Ernest Hooper: Is Hillsborough’s deeper shade of blue a forecast for Florida?

The success of first-time Democratic candidates in Hillsborough should be a signal to the GOP.
Fentrice Driskell (center) poses in a celebratory photo with family members after capturing the Florida House, District 62 seat. Driskell's victory signals Hillsborough County's move towards the left. Also pictured: Rianna Morris, Ariel Driskell, Sheritta Morris, Shannon Rose and Duana Driskell. Photo courtesy of Fentrice Driskell.
Fentrice Driskell (center) poses in a celebratory photo with family members after capturing the Florida House, District 62 seat. Driskell's victory signals Hillsborough County's move towards the left. Also pictured: Rianna Morris, Ariel Driskell, Sheritta Morris, Shannon Rose and Duana Driskell. Photo courtesy of Fentrice Driskell.
Published November 8 2018

TAMPA — Republicans have been declared the winners in our statewide races, but Hillsborough County appears to be a deeper shade of blue after Tuesday’s general election.

Political pundits have long touted the county as a bellwether area for elections. The theory went that as Hillsborough goes, so goes the state — and in national elections, the country.

That hasn’t borne out in the last two major elections. Hillary Clinton won Hillsborough but lost the state in 2016. On Tuesday, Andrew Gillum and Bill Nelson won in Hillsborough but appeared to fail in their respective bids to be governor and U.S. Senator, barring a recount reversal.

Still, the Democrats enjoyed significant wins in Hillsborough. With Mariella Smith and Kimberly Overman winning County Commission seats, the board now has a Democratic majority.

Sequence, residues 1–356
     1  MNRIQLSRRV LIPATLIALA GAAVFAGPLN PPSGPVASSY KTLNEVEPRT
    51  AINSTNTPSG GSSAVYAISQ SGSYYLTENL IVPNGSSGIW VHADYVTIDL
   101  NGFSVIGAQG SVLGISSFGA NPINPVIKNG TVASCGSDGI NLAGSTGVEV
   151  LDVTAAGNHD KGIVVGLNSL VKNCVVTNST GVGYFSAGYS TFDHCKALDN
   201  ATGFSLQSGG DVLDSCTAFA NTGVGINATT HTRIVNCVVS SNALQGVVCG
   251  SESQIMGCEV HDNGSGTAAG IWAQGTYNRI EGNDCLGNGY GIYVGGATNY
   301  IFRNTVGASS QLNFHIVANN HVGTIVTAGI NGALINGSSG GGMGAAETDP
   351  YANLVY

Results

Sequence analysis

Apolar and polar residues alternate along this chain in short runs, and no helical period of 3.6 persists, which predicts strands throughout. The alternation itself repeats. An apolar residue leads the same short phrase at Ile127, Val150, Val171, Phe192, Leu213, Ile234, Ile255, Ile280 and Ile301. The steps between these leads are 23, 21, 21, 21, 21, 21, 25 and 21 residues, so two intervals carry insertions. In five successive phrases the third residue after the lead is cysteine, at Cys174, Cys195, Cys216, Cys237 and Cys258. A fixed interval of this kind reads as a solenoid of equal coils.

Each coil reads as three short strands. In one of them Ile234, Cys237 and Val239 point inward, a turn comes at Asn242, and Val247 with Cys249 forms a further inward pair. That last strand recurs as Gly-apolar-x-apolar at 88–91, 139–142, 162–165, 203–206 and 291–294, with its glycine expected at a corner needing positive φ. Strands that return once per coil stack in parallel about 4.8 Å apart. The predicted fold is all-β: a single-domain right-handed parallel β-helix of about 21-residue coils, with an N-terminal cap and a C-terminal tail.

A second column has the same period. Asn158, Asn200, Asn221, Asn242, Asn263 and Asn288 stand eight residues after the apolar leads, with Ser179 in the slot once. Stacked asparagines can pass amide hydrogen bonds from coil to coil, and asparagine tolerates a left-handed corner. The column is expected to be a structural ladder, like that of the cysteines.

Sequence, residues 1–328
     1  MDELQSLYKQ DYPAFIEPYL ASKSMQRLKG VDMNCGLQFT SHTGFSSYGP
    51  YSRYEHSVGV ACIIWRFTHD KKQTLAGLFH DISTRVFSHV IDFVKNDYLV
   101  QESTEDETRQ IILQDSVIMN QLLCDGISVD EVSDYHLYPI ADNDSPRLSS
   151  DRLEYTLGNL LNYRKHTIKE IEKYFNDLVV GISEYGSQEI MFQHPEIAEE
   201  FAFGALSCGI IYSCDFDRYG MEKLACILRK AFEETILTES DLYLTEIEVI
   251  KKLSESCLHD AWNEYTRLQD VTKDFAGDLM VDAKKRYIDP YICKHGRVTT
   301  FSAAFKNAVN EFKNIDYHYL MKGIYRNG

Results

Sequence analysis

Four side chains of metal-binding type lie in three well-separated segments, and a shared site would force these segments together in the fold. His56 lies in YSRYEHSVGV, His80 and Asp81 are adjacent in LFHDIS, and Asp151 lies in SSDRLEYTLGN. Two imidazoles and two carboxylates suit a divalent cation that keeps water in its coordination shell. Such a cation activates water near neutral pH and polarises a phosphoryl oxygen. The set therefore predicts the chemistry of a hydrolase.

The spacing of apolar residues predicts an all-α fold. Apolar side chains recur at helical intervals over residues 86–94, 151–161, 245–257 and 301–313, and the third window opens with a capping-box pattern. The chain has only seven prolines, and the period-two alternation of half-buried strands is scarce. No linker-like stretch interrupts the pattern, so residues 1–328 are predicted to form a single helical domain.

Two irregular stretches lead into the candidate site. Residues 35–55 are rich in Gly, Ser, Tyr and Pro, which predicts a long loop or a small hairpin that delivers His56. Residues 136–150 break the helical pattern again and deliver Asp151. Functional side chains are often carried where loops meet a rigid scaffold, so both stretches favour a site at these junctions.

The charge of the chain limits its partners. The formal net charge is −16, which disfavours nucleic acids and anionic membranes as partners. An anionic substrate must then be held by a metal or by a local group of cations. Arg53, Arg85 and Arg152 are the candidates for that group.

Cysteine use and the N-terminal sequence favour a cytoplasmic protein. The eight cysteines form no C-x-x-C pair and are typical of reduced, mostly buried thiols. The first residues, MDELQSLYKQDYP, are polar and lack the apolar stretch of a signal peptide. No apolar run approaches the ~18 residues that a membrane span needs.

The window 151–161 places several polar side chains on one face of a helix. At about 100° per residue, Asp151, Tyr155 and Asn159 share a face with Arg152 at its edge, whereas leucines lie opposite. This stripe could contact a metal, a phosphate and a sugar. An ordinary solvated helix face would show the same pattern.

In area legislative races, Democrats had two significant victories: Adam Hattersley beat out Joe Wicker and Fentrice Driskell won over incumbent Shawn Harrison.

It all leads to an important question: Has Hillsborough gone from bellwether to future indicator for Florida?

Tampa’s left-leaning urban core clearly drove some outcomes, including passage of education and tax initiatives, but the victories by Hattersley, Smith and Overman all point to bluer suburbs.

Gov. Ron DeSantis and the Republican-controlled Legislature would be wise not to ignore the potential trend.

The narrow margins of victory by GOP candidates certainly aren't new, but if the Republicans continue to govern solely from the right, they risk the pendulum swinging further to the left.

It’s time compromise and collaboration became genuine entities in Tallahassee. Voters on both sides clearly want greater protection of the environment, easier access to medical marijuana and improved health care options for all.

Public school funding loomed larger as a campaign issue this year, and rightfully so.

The total number of state jobs rose under Gov. Rick Scott, but three dozen smaller, rural counties actually had fewer jobs in 2017 than they did in 2007.

Most of those counties voted for Scott and DeSantis, but how much longer can Republicans count on those folks to remain loyal if they continue to suffer?

The state’s responsibility to adequately fund mental health, child protection services, law enforcement and the prison system should no longer be buried under boasts of lower taxes and less government.

In the end, the results in Hillsborough may be a sign that Florida residents no longer favor bigger government or smaller government, but simply better government.

In a purple state, why not govern from the center?

That’s all I’m saying.

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